“Mrs. Shen said that when she took over the tea shop she had a hard time understanding what being a good Buddhist meant. At first, she admitted, she wanted to make more money for the temple by using low-grade cooking oil. But her husband objected. China is rife with scandals about restaurants using unsafe or cheap ingredients, and he argued that good Buddhists should set a better example. “This made me realize that faith gives you a minimum moral standard,” Ms. Shen told me. “It helps you treat others as your equals.”

“Many followers say they want a cleaner, fairer society and believe they can make a difference by changing their own lives. Yang Jianwei, 44, a kitchenware exporter who embraced Fo Guang Shan, said he stopped attending the boozy late-night dinners that seem an unavoidable part of doing business in China. “I realize that you might lose some business this way, but it’s a better way to live,” he said. This idealism is why the authorities support Fo Guang Shan, said Jin Xinhua, an official who helped the group secure the land for the new temple. “Through its work, Fo Guang Shan is helping the masses,” he said. “We need that sort of thing today.”

Hsing Yun

Chan Master Xinghua Cunjaing

Ian Johnson wrote in the New York Times: “Fo Guang Shan is led by one of modern China’s most famous religious figures, the Venerable Master Hsing Yun. I met him late last year at the temple in Yixing, in a bright room filled with his calligraphy and photos of senior Chinese leaders who have received him in Beijing. He wore tannish golden robes, and his shaved head was set off by thick eyebrows and sharp, impish lips. [Source: Ian Johnson New York Times, June 24, 2017]

“At age 89, he is nearly blind, and a nun often had to repeat my questions so he could hear them. But his mind was quick, and he nimbly parried questions that the Chinese authorities might consider objectionable. When I asked him what he hoped to accomplish by spreading Buddhism — proselytizing is illegal in China — his eyebrows arched in mock amusement. “I don’t want to promote Buddhism!” he said. “I only promote Chinese culture to cleanse humanity.” As for the Communist Party, he was unequivocal: “We Buddhists uphold whoever is in charge. Buddhists don’t get involved in politics.”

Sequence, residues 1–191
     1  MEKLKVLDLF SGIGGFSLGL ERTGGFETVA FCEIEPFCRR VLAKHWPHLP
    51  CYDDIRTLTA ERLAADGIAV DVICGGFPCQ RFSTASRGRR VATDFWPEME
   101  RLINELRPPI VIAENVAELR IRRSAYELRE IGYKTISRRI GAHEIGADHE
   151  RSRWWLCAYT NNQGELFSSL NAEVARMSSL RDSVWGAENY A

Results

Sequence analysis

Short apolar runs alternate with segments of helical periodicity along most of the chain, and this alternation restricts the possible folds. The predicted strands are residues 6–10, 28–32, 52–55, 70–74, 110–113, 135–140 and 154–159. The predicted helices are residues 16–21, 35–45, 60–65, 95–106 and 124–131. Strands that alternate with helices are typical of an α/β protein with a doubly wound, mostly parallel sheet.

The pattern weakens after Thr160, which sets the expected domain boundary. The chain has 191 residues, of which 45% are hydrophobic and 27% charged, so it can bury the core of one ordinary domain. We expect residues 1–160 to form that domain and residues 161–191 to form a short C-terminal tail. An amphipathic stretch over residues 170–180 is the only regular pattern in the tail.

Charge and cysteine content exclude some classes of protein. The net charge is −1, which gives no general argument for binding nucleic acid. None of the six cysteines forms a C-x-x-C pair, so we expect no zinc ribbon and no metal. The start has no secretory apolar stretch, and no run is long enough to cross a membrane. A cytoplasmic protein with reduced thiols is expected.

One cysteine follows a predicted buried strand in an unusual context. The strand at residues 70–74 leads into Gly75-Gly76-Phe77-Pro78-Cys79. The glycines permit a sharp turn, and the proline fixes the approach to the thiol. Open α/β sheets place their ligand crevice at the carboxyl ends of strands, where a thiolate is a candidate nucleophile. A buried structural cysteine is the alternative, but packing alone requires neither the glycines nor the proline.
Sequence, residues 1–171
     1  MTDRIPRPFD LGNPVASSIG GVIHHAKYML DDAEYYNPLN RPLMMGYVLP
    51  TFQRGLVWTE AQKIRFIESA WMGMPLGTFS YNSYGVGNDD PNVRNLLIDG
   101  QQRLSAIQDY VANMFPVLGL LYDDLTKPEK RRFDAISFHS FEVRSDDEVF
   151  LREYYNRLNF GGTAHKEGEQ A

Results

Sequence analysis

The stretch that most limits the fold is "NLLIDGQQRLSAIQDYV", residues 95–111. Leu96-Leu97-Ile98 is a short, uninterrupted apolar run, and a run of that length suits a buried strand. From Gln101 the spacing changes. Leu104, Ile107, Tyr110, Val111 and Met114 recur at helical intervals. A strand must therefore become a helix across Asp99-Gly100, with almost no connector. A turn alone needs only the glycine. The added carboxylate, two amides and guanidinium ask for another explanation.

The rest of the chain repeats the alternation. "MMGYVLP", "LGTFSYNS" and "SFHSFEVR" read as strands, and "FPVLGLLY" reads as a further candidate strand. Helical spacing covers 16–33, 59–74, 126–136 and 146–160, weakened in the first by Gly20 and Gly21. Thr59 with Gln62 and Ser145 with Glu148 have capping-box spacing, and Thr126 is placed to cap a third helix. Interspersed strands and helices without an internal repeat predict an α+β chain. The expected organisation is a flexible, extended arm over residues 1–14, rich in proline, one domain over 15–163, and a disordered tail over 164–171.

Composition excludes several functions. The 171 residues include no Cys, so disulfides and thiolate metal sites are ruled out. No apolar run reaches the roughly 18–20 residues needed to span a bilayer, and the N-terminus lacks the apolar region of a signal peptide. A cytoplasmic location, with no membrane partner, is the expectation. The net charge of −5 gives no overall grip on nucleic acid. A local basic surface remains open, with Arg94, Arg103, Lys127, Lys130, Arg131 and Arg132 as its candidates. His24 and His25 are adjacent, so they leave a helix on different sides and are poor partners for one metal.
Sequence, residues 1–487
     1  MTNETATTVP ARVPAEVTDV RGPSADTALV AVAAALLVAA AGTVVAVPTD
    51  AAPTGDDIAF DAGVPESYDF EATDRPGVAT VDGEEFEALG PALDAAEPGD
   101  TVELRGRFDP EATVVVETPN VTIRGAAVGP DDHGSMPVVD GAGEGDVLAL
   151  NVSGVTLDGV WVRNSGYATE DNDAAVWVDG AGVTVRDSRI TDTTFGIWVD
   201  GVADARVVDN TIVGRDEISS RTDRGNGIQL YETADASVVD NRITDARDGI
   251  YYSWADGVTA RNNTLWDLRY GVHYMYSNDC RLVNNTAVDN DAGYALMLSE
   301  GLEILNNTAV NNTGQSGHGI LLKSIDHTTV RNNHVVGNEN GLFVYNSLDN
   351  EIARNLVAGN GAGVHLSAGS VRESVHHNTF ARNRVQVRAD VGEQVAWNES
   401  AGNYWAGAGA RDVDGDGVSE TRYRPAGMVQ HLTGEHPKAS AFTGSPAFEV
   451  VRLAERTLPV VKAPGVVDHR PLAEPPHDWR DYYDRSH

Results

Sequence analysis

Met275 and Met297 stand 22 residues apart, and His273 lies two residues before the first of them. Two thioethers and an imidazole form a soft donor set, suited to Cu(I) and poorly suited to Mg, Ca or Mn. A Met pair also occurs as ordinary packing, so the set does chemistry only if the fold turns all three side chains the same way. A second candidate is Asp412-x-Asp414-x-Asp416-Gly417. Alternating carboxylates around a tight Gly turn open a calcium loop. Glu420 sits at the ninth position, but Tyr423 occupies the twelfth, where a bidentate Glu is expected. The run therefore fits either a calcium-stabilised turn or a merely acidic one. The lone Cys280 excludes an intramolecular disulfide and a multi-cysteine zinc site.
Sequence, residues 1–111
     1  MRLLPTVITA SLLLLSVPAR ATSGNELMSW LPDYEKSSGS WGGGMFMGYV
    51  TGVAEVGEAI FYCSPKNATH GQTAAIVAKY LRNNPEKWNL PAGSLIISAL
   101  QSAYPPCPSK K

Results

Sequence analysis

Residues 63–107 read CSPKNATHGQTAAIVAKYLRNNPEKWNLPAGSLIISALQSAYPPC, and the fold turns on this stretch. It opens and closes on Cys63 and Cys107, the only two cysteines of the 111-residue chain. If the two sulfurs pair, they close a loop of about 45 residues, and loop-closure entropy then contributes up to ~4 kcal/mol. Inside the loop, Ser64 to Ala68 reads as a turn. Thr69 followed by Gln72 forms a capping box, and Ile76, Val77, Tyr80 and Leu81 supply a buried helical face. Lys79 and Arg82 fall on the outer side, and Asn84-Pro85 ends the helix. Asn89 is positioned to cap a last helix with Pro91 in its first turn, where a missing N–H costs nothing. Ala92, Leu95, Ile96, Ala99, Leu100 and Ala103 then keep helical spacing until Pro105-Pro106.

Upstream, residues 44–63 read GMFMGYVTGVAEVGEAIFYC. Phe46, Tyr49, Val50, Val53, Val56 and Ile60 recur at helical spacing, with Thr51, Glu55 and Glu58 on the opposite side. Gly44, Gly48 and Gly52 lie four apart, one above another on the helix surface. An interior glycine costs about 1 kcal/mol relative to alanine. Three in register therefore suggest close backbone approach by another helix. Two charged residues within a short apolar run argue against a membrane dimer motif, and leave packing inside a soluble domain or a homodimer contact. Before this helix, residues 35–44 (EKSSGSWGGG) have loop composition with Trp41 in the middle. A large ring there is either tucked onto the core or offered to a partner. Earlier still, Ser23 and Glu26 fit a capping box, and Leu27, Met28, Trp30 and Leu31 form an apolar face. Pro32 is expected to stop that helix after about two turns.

“That has not been true for most of Master Hsing Yun’s life. Born outside the eastern city of Yangzhou in 1927, he was 10 when he joined a monastery that he and his mother passed by while searching for his father, who disappeared during the Japanese invasion of China. There, he was influenced by the ideas of Humanistic Buddhism, a movement that aimed to save China through spiritual renewal. It argued that religion should be focused on this world, instead of the afterworld. It also encouraged clergy to take up the concerns of the living, and urged adherents to help change society through fairness and compassion.

History of Fo Guang Shan

Ian Johnson wrote in the New York Times: “After fleeing the Communist Revolution, Master Hsing Yun took that message to Taiwan and founded Fo Guang Shan in the southern port of Kaohsiung in 1967. He sought to make Buddhism more accessible to ordinary people by updating its fusty image and embracing mass-market tactics. In sports stadiums, he held lectures that owed more to Billy Graham than the sound of one hand clapping. He built a theme park with multimedia shows and slot machines that displayed dioramas of Buddhist saints. [Source: Ian Johnson New York Times, June 24, 2017]

“The approach had a profound impact in Taiwan, which then resembled mainland China today: an industrializing society that worried it had cast off traditional values in its rush to modernize. Fo Guang Shan became part of a popular embrace of religious life. Many scholars say it also helped lay the foundation for the self-governing island’s evolution into a vibrant democracy by fostering a political culture committed to equality, civility and social progress.

“Fo Guang Shan expanded rapidly, spending more than $1 billion on universities, community colleges, kindergartens, a publishing arm, a daily newspaper and a television station. It now counts more than 1,000 monks and nuns, and more than one million followers in 50 countries, including the United States. But the group declines to offer an estimate of its following in China, where the government initially viewed it with suspicion.

Fo Guang Shan Enters China